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Re: Propatagium reveals flying ancestry of oviraptorosaurs (new Feduccia & Czerkas paper)
Mickey Mortimer <email@example.com> wrote:
> The context of the abstract makes it pretty clear the authors mean aerial
> habits instead of powered flight,
> since they contrast it with terrestriality.
The entire paper (including the title) make it clear that they regard
_Caudipteryx_ as secondarily flightless ('neoflightless'). The
authors differentiate 'gliding', 'volant' and 'neoflightless'.
The authors also compare non-volant oviraptorosaurs favorably to
ratites, and regard oviraptorosaurs as terrestrial, secondarily
flightless birds. There's not a lot of nuance in what they mean by
"volant" - they mean powered flight. ("The presence of numerous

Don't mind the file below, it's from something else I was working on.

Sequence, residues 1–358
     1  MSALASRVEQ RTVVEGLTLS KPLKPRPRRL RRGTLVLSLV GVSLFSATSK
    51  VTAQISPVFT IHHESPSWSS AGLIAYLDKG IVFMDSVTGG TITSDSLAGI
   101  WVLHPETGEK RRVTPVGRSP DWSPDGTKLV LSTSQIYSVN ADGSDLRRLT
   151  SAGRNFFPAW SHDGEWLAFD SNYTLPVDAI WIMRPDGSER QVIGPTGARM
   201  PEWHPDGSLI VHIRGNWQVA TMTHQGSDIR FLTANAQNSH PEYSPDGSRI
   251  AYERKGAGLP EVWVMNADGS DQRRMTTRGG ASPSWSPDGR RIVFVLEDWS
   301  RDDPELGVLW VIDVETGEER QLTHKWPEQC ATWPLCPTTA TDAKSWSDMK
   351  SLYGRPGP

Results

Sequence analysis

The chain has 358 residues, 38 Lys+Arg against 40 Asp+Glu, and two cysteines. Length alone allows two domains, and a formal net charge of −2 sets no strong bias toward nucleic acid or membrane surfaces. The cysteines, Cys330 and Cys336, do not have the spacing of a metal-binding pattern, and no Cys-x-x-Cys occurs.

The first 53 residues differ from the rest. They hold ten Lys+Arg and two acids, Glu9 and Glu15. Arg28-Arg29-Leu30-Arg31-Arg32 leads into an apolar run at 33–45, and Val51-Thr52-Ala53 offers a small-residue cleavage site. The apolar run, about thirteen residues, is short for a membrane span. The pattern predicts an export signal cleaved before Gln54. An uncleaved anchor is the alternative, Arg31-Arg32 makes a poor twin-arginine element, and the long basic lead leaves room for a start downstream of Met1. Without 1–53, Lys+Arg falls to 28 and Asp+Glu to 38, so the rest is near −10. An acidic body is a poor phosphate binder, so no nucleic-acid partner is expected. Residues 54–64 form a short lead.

flight features reveal that Caudipteryx, like the extant flightless
ratites, originated from volant ancestors..." and so on, throughout
> Also, would you really say there's been a consensus oviraptorosaurs were
> secondarily terrestrial?
No, I wouldn't. Personally, I don't believe it. I think all
theropods stemward of Pygostylia were *primitively* terrestrial, with
little (if any) arboreal abilities.
> I know Paul's believed it, as have I since 1998, but I'd say there are plenty
> of paleontologists who have
> proposed Caudipteryx's wings evolved in a terrestrial setting, for display,
> brooding, running up inclines,
Broadly, I'd go along with that. _Caudipteryx_ is perhaps not a good
example of non-flight aerial behaviors, because its forelimbs were so
short (probably, although not certainly, secondarily reduced). But I
subscribe to the hypothesis that flight evolved in theropods that were
terrestrial ("ground-dwelling"), as opposed to arboreal (spending most
or all of their time in trees).
I should add that I'm skeptical of the reported preservation of a
propatagium in _Caudipteryx_... but that's another issue.